6 Genetic Diseases in Cats
Experts study genetic diseases to improve reproduction in many animal species. In dogs, cats, horses, and other living beings, they’re an important factor in the selection for the breeding and preservation of breeds. For this reason, genetic diseases in cats are common.
Experts have discovered about 60 genes and mutations responsible for clinical conditions in cats. In fact, cats can suffer from more than 300 genetic diseases, many of them similar to human conditions. In this article, we’ll tell you everything you need to know about the most important ones.
6 genetic diseases in cats
Scientific advances in the knowledge of the genome of species are making it possible to identify the molecular foundations of different genetic diseases. Experts are studying them in cats as well, as this breed accompanies humans and its health is a key issue in veterinary medicine.
This allows the development of genetic analyzes for diagnostic purposes, useful to confirm diseases in asymptomatic specimens and for the control and elimination of genetic diseases in a population. Thanks to these techniques, we can avoid crossing specimens that are carriers of harmful mutations.
Unfortunately, some diseases continue to affect domestic cats today, depending on their breed and genome. Here are the 6 most common hereditary diseases in cats.
1. Polycystic kidney disease (PKD), the most common hereditary disease in cats
Polycystic kidney disease is an autosomal dominant genetic disease that affects Persian cats and their crossbreeds, Burmese cats, and British Shorthairs, among others. Experts consider it to be the most common genetic disease in cats, as the Persian is one of the most popular cats around the world.
This condition causes the appearance of small, closed, fluid-filled kidney cysts that can be detected with an ultrasound. Over time, the cysts grow and multiply, impairing kidney function, and, ultimately, causing chronic kidney failure.
The cat can even be born with these cysts. However, they’re usually detected by ultrasound when the cat is about six months of age. Experts estimate that up to 50% of Persian cats will suffer from polycystic kidney disease.
2. Hypertrophic cardiomyopathy (HCM)
Hypertrophic cardiomyopathy is the most common heart disease in domestic cats and is also inherited in breeds such as the Maine Coon and Ragdoll. The condition causes the muscular walls of a cat’s heart to thicken.
A point mutation in the gene that encodes the protein of the fibers of the heart muscle causes this cardiomyopathy. Cats who have this mutation can be affected in several ways. In fact, the most severe cases usually result in heart failure.
3. Spinal muscular atrophy (SMA)
This is an autosomal recessive disorder that usually manifests when a cat is 12 weeks of age. Neuron loss causes skeletal muscle atrophy and weakness in the cat.
Symptoms range from an abnormal gait and posture to an inability to jump and climb, exercise intolerance, sensitivity to back rubbing, and, also, shortness of breath. Affected cats can reach adulthood, since the disease isn’t fatal, albeit disabling. Sick cats require special care throughout their lives.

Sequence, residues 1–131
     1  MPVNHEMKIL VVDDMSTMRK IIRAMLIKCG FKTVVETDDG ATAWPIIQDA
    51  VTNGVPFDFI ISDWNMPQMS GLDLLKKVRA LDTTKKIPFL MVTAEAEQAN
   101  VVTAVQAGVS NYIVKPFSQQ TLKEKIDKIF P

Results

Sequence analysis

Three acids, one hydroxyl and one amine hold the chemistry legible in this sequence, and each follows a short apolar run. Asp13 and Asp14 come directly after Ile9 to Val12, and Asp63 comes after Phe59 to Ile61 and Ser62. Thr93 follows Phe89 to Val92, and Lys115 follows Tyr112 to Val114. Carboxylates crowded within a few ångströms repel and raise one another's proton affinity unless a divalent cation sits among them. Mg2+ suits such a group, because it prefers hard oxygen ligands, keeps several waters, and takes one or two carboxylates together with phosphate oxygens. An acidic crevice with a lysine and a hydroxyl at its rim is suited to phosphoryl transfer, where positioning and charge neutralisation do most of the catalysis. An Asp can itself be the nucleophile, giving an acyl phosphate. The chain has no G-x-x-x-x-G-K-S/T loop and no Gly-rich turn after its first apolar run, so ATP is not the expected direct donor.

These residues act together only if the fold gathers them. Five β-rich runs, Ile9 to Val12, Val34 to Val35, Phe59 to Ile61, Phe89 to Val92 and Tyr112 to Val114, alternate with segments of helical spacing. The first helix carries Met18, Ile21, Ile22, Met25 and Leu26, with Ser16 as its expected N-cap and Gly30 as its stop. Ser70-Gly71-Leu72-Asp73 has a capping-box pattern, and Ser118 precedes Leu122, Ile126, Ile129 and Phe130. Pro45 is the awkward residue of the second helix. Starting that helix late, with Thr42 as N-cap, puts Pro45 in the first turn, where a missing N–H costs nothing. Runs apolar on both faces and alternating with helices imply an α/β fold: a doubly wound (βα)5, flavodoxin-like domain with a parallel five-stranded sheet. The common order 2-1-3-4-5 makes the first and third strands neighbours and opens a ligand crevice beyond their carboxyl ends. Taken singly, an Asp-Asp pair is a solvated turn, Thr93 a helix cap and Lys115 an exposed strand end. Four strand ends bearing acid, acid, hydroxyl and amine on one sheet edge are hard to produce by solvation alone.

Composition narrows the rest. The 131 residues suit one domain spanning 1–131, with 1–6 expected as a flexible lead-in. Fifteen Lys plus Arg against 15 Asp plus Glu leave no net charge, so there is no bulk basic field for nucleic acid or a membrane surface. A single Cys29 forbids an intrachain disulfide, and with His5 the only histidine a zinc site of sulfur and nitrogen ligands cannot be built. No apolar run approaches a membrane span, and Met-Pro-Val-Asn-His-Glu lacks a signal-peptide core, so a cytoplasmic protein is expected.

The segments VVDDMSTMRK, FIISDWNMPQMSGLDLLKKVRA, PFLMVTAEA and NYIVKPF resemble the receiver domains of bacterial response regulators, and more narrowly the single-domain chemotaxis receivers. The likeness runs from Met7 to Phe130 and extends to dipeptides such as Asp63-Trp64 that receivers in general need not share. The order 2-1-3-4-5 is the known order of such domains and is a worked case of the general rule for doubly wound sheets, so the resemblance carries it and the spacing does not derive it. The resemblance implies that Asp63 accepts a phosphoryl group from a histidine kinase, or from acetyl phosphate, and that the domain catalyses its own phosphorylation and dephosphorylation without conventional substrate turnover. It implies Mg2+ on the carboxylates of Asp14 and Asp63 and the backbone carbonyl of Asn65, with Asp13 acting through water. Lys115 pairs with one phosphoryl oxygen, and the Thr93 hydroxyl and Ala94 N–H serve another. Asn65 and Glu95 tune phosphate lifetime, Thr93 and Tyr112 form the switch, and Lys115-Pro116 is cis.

4. Progressive retinal atrophy (PRA)
Affected cats are born with completely normal vision. However, changes in their retina occur when they’re approximately one and a half to two years of age. The rods, which are the cells in charge of detecting motion, night vision, and peripheral vision, progressively degenerate. The photoreceptor cells are also affected.
The final result of the degeneration of both types of photoreceptors is blindness, which occurs when the affected cat is between three and five years of age. Some of the cat breeds that are most likely to suffer from progressive retinal atrophy are the Abyssinian, Somali, Siamese, Singapuran, and Tonkinese, among others.
5. Pyruvate kinase deficiency
A deficiency of the pyruvate kinase enzyme in erythrocytes causes inherited hemolytic anemia in Abyssinian, Somali, and domestic short-haired cats. It’s another of the most common hereditary diseases in cats.
The cat’s body doesn’t have enough healthy red blood cells to provide oxygen to the various tissues. Red blood cells are destroyed earlier than normal, which causes symptoms such as severe lethargy, diarrhea, pale mucous membranes, loss of appetite, and weight loss. It can be detected with blood tests.
Gangliosidosis is an inherited neurodegenerative disease that a point mutation in a gene causes. This condition was first described in Siamese cats and then in the Korat.
Neurological symptoms appear when affected cats are three and a half months old. The first ones are usually slight tremors in the head or extremities. As the disease progresses, sick cats suffer from abnormal gait, blindness, and seizures in the terminal stage of the disease, when they’re approximately nine to ten months of age.
These are the 6 most common inherited diseases in cats. If you’re planning to buy a cat belonging to any of the breeds we mentioned above, then go to a trusted breeder and also read about the possible diseases it may develop over time. In addition, you should read up on the genetic tests that are available on the market.